- TOP PLAYERSOffensePABLO S. TORRE | August 20, 2012
- TAMPA BAY buccaneersENEMY lines WHAT A RIVAL COACH SAYSJune 28, 2012
- Faces in the CrowdJune 11, 2001
Think back to when Bill Walsh left the 49ers in 1989, and Pat Riley left the L.A. Lakers in 1990. Remember the subtle digs from some of the players on those two teams: "The guy's outlived his usefulness here." That is what you hear from some of the Giants now. They acknowledge Parcells's immense contributions to their two Super Bowl victories; after all, he won 62% of his games (85-52-1) in his eight years as the Giants coach. A couple of players who were Parcells's favorites, Simms and linebacker Lawrence Taylor, have acknowledged how much they miss him, without slighting the new coach, bookish Ray Handley-But that sentiment is not unanimous.
"I think we're a mature enough team that we don't need a coach who plays mind games," says linebacker Gary Reasons. "Ray's just a straightforward, no-nonsense guy." And Marshall says, "Veteran players never knew where they stood with the other guy. Ray's honest. All he wants from you is an honest day's work."
So the players like Handley. But the question is whether he can motivate them and sustain their intensity the way that Parcells did? Example: Taylor was struggling to beat double-and triple-team blocking in October 1989. During the week leading to a game with the Minnesota Vikings, Parcells kept calling Taylor "What's the matter with," because the writers had all been asking, "What's the matter with Taylor?" He pounded the nickname into Taylor all week. Taylor is a competitor, and Parcells knew how to hit his button. Unleashed in the game, Taylor had 2.5 sacks and 11 tackles. "They're not going to be asking you what's the matter with Taylor anymore!" a defiant Taylor told Parcells after the game.
Handley hasn't had to get into the marrow of any player's bone yet, so who knows if he can? Parcells had a line that he used whenever speculation about a player's future swirled around the press room. "That's why they play the games," he would say. The same rule applies here, in the first year of the post-Parcells era.
6. Is this a make-or-break year for Vinny Testaverde?
Absolutely. After four years as a pro, the book on the Tampa Bay Buc quarterback is: great arm strength and football sense, throws well on the run, slower than average but not plodding, needs a trusting, back-patting coach to prosper. Testaverde was handled with kid gloves at the University of Miami and won the Heisman Trophy. Then, after Tampa Bay made him the first player chosen in the '86 draft, he was handled with boxing gloves by coach Ray Perkins and won nothing.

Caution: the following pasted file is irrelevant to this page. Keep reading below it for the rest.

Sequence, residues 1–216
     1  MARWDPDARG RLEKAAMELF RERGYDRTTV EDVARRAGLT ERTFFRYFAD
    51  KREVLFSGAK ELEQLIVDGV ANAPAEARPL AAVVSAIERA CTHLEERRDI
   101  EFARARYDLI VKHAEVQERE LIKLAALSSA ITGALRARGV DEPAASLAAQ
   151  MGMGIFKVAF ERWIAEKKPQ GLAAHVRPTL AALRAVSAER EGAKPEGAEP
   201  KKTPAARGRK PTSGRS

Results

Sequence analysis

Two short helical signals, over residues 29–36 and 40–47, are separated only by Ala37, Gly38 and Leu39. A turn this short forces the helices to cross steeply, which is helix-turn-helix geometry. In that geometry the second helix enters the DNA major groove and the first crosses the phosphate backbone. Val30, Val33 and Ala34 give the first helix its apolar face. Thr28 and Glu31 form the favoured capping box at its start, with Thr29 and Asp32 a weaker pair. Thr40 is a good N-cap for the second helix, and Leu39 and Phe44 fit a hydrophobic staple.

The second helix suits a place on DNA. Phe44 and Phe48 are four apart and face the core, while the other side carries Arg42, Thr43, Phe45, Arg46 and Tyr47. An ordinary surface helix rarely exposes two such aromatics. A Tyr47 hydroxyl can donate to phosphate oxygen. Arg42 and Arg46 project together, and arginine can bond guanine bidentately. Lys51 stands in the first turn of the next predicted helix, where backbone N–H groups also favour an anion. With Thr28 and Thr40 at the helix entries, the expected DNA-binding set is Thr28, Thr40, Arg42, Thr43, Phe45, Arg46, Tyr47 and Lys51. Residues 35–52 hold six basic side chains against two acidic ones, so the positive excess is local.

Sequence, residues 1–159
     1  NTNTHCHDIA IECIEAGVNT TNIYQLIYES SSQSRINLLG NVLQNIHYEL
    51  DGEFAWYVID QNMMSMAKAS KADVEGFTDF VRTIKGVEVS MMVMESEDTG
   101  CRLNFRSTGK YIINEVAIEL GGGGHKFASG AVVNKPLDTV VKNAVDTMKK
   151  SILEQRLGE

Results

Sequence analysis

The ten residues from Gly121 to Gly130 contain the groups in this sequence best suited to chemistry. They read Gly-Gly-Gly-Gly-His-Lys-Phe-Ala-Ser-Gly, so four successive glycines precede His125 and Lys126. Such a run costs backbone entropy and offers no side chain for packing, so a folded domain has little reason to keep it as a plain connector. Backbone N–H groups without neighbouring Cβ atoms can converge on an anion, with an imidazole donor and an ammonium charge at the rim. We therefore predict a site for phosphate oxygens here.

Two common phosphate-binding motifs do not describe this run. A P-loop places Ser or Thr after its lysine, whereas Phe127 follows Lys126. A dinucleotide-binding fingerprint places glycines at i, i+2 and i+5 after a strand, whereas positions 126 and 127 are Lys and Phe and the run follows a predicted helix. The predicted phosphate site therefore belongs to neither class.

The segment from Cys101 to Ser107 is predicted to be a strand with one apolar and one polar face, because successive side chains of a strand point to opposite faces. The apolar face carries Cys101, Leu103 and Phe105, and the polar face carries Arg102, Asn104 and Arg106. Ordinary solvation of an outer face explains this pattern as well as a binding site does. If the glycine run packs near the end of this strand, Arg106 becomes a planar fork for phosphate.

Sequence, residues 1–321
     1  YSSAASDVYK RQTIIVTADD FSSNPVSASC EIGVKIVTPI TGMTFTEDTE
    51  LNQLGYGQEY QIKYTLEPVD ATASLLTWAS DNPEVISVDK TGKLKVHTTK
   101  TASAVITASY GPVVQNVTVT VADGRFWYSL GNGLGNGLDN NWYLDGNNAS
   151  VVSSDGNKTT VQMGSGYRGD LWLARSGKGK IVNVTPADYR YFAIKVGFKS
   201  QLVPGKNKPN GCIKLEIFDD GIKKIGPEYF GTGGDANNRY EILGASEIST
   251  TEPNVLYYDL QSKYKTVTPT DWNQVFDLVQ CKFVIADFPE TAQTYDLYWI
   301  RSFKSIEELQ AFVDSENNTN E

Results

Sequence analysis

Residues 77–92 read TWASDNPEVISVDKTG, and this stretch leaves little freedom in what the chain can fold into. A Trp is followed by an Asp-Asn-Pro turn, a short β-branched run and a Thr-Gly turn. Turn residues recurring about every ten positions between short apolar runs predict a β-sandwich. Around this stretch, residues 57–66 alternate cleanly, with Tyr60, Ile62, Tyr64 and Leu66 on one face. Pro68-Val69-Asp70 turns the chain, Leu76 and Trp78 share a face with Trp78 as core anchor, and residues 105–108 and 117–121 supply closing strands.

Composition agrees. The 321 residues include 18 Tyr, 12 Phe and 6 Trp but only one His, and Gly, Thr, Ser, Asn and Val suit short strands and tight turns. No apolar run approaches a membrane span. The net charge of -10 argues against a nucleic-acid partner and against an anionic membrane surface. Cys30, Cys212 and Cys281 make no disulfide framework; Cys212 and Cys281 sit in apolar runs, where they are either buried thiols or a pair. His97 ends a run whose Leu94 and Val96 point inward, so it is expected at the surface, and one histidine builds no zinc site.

Headcase in point: Last year, Testaverde was leading the league in passing five weeks into the season, but he aggravated a turf-toe injury that caused him to miss a game in San Diego in Week 8. With the Chargers up 24-7 at halftime, Testaverde, in street clothes, suggested the Bucs try a play that would take advantage of a weakness in the San Diego defense. "That's not in our game plan," said Perkins, in a way that humiliated Testaverde. "It made me feel like I wasn't a part of the team," says Testaverde.
The next week, with Testaverde back in the lineup against the Chicago Bears, Perkins jumped on him for overthrowing wideout Mark Carrier early in the game. "He snapped at me the week before, and now this," says Testaverde. "I know it's not good for me to react like that, but it definitely got inside my head a little bit." Testaverde threw five interceptions that day, the Bucs lost and they went on to finish 6-10. With three games left, Perkins was fired and receivers coach Richard Williamson was promoted.
During an off-season golf outing, Testaverde let it slip that he thought the offense under Perkins was "the most conservative offense in the history of the league." The remark made the papers, and now, in the new wide-open offense and under the calming direction of Williamson, the pressure is on Testaverde to prove he is a top-flight NFL quarterback. "A person cannot be successful if he's uptight all the time," Williamson says. "I called Vinny in last spring and told him, 'Don't worry about being a leader or being responsible for the team. Worry about getting Vinny ready. Make Vinny work.' "
To that end, Williamson plans to give Testaverde leeway to run, with more bootlegs, rollouts and play action. "I like Coach Perkins," Testaverde says. "His system just didn't work. Now I have the whole offense at the line of scrimmage. I'm starting to feel free, the way I did in college."